Successfully reported this slideshow.
We use your LinkedIn profile and activity data to personalize ads and to show you more relevant ads. You can change your ad preferences anytime.

11.[21 28]voltage stability improvement using the 21st century power transformer

525 views

Published on

IISTE-call for paper www.iiste.org/Journals

Published in: Business, Technology
  • Be the first to comment

  • Be the first to like this

11.[21 28]voltage stability improvement using the 21st century power transformer

  1. 1. Innovative Systems Design and Engineering www.iiste.orgISSN 2222-1727 (Paper) ISSN 2222-2871 (Online)Vol 3, No 4, 2012 Voltage Stability Improvement Using the 21st Century Power Transformer Charles Mwaniki1,2 Nicodemus Abungu1 Cyrus Wekesa1 1. Department of Electrical & Electronic Engineering, University of Nairobi, P.O. Box 30197-00100 Nairobi, Kenya 2. Department of Electrical & Electronic Engineering, Thika Technical Training Institute, P.O. Box 91-01000 Thika, Kenya * E-mail of the corresponding author: mwanikicharles2005@yahoo.comAbstractThe 21st Century Power Transformer is produced by combining modern high voltage cross-linkedpolyethylene (XLPE) cable technology with conventional transformer. The technique of solidinsulation is adopted in the new dry transformer so that the pollution from leakage of insulating oil canbe avoided, and so XLPE cable-winding transformer is very suitable in environment sensitive placessuch as populous cities, hydropower stations, and underground caver and so on. This paper is meant toshow that the marriage of the well-proven high voltage power cable technology with transformertechnology sets a new standard in improving power system voltage stability.Keywords: voltage stability, Voltage collapse, Dryformer, Transformer parameters, Load flow1. IntroductionThe research on voltage instability and collapse concerns disturbances in a power system networkwhere the voltage magnitude becomes uncontrollable and collapses. The voltage decline is oftengradual in the beginning of the collapse and difficult to detect. A sudden increase in the voltagedecline often marks the end of the collapse course. During the last twenty years there have been one orseveral large voltage collapses almost every year somewhere in the world. The reason is the increasednumber of interconnections and a higher degree of utilization of the power system. Also loadcharacteristics have changed. Two examples are the increased use of air conditioners and electricalheating appliances which may endanger system stability radically. It is believed by many professionalsthat the power system will be used with a smaller margin to voltage collapse in the future. The reasonsare twofold: the transfer capacity of an existing transmission grid needs to be increased without majorinvestments, and Environmental and political constraints limit the expansion of transmission networkand generation near load centers, which has a negative influence on power system voltage stability.Voltage stability is therefore believed to be of greater concern in the future.1.1 Power Transformer of the 21st Century In 1997, a new type of dry power transformer, Dryformer, was launched. Dryformer is a newtechnological advance of dry power transformer, which is constructed from XLPE insulated highvoltage cables as its winding, and is designed to provide a direct link between ultimate customers andtransmission systems in one step. It contains neither oil nor SF6 gas. Essentially, the new concept isbased both on existing transformer technology and existing high technology. Cooling of the unit isby forced air circulation. The new type of XLPE cable-winding transformer, developed based on theexperience of HV generator manufacture, is delivered by ABB Company, the brand name of which isDryformer. Prototype of XLPE cable winding transformer was trial-manufactured successfully in 1997.Life cycle assessment has shown that environmental impact is reduced as oil is not used and losses can 21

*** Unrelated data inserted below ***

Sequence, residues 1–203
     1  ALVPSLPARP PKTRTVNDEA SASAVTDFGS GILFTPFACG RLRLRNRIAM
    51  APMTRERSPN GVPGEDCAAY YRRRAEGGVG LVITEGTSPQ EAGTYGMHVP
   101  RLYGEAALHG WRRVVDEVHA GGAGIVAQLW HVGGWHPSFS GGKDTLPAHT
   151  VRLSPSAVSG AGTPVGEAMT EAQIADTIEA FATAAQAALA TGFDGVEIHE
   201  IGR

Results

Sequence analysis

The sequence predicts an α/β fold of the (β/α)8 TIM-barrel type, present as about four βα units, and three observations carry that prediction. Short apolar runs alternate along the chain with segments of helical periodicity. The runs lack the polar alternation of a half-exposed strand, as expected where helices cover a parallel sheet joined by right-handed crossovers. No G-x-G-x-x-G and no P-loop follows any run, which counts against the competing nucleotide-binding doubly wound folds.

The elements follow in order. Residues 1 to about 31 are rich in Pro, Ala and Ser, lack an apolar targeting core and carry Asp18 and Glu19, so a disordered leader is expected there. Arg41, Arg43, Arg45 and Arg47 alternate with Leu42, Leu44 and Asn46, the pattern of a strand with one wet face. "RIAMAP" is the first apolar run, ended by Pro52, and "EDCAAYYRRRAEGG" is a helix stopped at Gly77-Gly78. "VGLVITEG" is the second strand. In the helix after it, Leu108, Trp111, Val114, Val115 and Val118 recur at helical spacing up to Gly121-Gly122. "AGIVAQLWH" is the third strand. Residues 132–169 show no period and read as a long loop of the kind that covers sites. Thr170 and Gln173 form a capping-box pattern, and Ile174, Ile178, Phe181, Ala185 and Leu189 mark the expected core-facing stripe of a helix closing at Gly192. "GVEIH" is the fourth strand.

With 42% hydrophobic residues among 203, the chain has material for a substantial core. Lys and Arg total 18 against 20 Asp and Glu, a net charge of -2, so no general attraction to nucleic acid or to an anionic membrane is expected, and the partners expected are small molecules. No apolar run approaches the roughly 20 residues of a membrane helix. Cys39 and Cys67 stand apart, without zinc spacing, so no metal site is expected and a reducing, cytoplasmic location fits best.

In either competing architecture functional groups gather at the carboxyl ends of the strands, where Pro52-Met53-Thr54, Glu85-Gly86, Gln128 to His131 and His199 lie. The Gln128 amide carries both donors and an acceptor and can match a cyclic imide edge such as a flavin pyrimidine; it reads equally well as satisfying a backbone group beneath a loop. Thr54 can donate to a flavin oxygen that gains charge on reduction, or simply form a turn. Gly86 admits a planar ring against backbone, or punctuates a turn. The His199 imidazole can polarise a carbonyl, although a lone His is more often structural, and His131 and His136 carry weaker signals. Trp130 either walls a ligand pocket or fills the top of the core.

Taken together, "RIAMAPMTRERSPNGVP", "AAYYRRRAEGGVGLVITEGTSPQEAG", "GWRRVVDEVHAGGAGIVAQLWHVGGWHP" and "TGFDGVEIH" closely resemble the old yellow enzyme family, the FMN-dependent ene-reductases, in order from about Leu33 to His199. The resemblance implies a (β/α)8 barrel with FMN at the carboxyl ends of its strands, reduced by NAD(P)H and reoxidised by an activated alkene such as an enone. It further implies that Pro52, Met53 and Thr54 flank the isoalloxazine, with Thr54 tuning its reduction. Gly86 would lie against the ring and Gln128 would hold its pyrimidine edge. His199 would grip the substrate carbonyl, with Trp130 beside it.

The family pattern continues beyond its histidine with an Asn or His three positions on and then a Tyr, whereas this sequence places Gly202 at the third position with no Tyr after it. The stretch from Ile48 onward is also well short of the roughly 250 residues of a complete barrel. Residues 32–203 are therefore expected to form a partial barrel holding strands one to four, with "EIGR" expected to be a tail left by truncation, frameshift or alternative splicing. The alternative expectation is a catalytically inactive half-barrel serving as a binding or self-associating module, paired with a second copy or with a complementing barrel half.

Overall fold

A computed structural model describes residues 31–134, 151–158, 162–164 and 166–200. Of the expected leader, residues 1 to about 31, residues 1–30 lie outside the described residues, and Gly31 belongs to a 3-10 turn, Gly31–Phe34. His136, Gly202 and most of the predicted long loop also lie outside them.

2. 2. Innovative Systems Design and Engineering www.iiste.orgISSN 2222-1727 (Paper) ISSN 2222-2871 (Online)Vol 3, No 4, 2012be reduced. This new oil free power transformer can be placed in areas of high population densitywhere the demands for fire and explosion safety are high and where the environment is to be protected.The use of XLPE insulated high voltage cables as its winding will alter the power transformerparameters mainly due to the capacitive behavior of these cables. The total Insulation resistancebetween the conductor and the lead sheath is (1)The total capacitance between the conductor and the lead sheath is (2) 2. MethodologyIn voltage collapse, the decline in voltage magnitude is often gradual in the beginning and difficult todetect. A sudden increase in the voltage decline often marks the end of the collapse course. It is noteasy to distinguish this phenomenon from transient stability where voltages also can decrease in amanner similar to voltage collapse. Only careful post-disturbance analysis may in those cases revealthe actual cause. The problem of voltage collapse is a dynamic phenomenon and transient stabilitysimulation may be used. However, such simulations do not readily provide sensitivity information orthe degree of stability. The problem regularly requires inspection of a wide range of system conditionsand a large number of contingencies. For such application, the steady state analysis approach is muchmore suitable and can provide much insight into the voltage and reactive power loads problem. Manytechniques have been proposed in the literature for evaluating and predicting voltage stability usingsteady state analysis methods. The P-V curves, active power-voltage curve, are the most widely usedmethod of determining the proximity to voltage instability. They are used to determine the MWdistance from the operating point to critical voltage. In this study, a 5-bus, high voltage (220kV) a.cnetwork shown in figure1 was used. The steps followed in this study are shown below: I. Typical values of a given transformer parameter of transformer model shown in figure 2 were picked and for each value, the load demand at the transformer secondary side was increased gradually from zero in equal steps of 10MW. At each of the load demand, load flow study was carried and the results tabulated. The load flow study was carried out through simulation using PowerworldTM simulation software, version 15. II. A different parameter was picked and step 1 above was repeated.III. From the load flow results obtained in step 1, P-V curves of various values for all the parameters were then plotted.3. ObservationsThe following observations were made on various transformer parameters3.1 Series ResistanceIn figure 3, the values of Pmax. for series resistance of 0.015 p.u, 0.030 p.u and 0.045 p.u were 188MW, 178 MW and 167 MW respectively. This shows that when the transformer series resistance wasdoubled, the distance (in MW) from the operating point to the critical point was reduced by an averageof 10.5 units for all the buses. At the candidate bus, the rate of voltage drop with increase in loadwas highest with higher values of series resistance. However, the rate of voltage drop with increase inload was independent of series resistance in the neighboring buses. The voltage drop margin prior tovoltage collapse was highest in load bus as compared to the neighboring buses. However this voltage 22